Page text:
ADLER -- Given his many Olympic struggles and his frequent talk about personal demons and lingering doubts, it was no surprise that Jeremy Abbott fell in the men's short routine Thursday. Although perhaps the virtual face-plant was a little worse than expected.
What was impressive, however, was the way he picked himself up and continued anyway.
Attempting his routine-opening quad toe, Abbott didn't jump quite high enough, caught his skate on the landing and fell front-first onto the ice, painfully banging his right hip and sliding into the padded wall. He lay there for about 10-20 seconds, a span that seemed so long that his coach, Yuka Sato, attempted to go onto the ice to help him, but she couldn't get the rink door open.
Abbott said the fall didn't knock the wind out of him physically, but did so mentally. He lay there in both pain and shock. "I didn't know what to think at first,'' he said. "Then it was, 'How much pain am I in? Do I keep going? Do I go to the referee? What do I do?' I wasn't sure what to do.''
But then Abbott stood up and heard the sound of the crowd shouting and clapping and screaming. Inspired by that support, the U.S. national champion told himself, "F--- it all! I'm finishing this program!''
"I don't care if I'm two minutes late,'' he summarized his thoughts to reporters later. "I don't care what happens with the rest of this. I'm going start to finish. I'm not going to give up this moment.''
So he continued. Despite being significantly behind, he cut steps here, sped up there, and landed all his remaining jumps and required elements. Despite the horrible fall, he skated the remaining program marvelously. When he finished, he smiled and waved while taking in thunderous applause from the crowd.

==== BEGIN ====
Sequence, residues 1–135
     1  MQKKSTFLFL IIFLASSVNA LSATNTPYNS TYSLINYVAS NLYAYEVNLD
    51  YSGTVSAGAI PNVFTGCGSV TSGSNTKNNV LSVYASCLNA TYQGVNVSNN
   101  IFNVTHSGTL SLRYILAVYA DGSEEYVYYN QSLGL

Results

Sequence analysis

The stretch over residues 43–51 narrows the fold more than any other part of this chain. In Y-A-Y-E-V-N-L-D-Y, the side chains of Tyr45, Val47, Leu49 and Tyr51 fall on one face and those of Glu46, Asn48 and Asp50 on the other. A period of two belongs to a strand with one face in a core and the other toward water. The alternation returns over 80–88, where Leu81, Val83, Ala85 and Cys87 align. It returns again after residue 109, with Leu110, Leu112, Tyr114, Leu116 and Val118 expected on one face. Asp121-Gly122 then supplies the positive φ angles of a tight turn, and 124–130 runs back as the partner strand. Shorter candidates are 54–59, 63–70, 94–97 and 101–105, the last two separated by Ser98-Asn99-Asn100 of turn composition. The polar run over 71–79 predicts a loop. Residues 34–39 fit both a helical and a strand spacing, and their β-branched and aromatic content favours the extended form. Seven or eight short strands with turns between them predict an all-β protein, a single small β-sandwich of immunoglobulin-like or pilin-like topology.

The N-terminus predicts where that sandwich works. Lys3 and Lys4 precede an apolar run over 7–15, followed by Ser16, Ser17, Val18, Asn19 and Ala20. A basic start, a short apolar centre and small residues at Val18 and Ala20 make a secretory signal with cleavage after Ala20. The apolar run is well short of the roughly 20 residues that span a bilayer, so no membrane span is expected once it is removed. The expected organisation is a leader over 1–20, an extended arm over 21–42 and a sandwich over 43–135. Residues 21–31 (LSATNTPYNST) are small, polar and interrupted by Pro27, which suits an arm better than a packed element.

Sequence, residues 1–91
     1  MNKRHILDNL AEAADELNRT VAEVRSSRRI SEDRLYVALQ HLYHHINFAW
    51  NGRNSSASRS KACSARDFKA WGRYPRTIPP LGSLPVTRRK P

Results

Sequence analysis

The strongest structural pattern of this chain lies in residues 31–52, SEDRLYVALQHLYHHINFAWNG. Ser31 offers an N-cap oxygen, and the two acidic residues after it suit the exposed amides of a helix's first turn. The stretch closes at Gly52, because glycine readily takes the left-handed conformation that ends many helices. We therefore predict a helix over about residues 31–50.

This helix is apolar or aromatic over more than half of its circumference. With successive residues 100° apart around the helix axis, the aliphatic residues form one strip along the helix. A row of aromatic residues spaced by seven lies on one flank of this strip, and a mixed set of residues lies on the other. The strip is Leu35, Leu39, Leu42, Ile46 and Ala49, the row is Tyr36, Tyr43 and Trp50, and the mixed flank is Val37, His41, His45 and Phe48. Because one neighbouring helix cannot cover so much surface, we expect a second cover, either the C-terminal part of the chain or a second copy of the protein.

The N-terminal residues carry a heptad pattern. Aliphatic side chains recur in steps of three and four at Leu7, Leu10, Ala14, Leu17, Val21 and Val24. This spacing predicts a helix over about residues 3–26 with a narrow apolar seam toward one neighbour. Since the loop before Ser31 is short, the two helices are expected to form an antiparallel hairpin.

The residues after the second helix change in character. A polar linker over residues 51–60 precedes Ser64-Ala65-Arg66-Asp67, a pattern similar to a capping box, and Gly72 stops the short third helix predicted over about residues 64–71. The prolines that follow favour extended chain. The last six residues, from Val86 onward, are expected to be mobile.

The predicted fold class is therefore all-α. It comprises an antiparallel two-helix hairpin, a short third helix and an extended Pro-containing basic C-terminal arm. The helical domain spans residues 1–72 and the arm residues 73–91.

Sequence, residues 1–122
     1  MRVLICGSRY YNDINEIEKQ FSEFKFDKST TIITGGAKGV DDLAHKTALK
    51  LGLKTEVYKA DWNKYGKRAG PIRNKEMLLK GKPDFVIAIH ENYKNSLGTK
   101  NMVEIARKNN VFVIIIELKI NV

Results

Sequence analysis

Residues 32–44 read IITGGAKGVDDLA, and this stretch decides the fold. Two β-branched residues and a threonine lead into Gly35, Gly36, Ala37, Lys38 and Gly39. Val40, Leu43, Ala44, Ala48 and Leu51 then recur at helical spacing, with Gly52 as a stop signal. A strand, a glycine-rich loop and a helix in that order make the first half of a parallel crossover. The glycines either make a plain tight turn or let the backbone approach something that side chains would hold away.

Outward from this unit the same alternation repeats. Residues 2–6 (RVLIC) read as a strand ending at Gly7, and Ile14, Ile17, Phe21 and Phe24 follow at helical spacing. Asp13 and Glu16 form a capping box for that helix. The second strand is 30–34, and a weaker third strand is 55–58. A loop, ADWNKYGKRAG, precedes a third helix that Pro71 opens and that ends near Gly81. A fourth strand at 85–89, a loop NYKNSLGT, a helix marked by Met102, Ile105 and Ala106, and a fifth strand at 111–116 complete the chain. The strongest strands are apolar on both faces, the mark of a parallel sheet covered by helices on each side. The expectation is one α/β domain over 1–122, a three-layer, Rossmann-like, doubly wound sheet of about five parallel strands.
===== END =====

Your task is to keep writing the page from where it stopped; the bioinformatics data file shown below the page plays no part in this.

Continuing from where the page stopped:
"I have to thank the support of the audience and all the international fans in the arena,'' he said. "Because it's because of them that I finished the program.''
Abbott's short program at the Vancouver Games four years ago was so bad he broke down and cried when talking to reporters. But not Thursday. He held an ice pack on his hip as he spoke in the mixed zone and said his hip was beginning to ache now that the adrenaline was wearing off. But he said he will skate the free program Friday no matter how much pain there is.
"I'm sure I'll be fine,'' he said. "I've skated with stress fractures in my back. I've skated with compressed discs, with pulled muscles, with all sorts of things. So nothing will keep me from competing tomorrow.''
"I'm really proud of Jeremy going out there and fighting,'' U.S. teammate Jason Brown said. "His recovery is something we all should be inspired by and look up to, because it was incredible.''
Abbott is in 15th place, too far to back to have a chance at winning a medal (which was a considerable long shot anyway). But his score of 72.58 was higher than his routine in the team competition, when he fell twice. And though he fell Thursday, at least he was able to get back up to compete, unlike Russian star Evgeni Plushenko, who withdrew due to injury. Plus, Abbott has a bronze medal from the team event.
"As much as a disappointment this is, I'm not ashamed,'' Abbott said. "I'm not the least bit ashamed. I stood up and I finished that program, and I'm proud of my effort and what I did under the circumstances.''
Abbott's recovery in the short routine was impressive. It will be better, though, if there is no need to recover in the free program.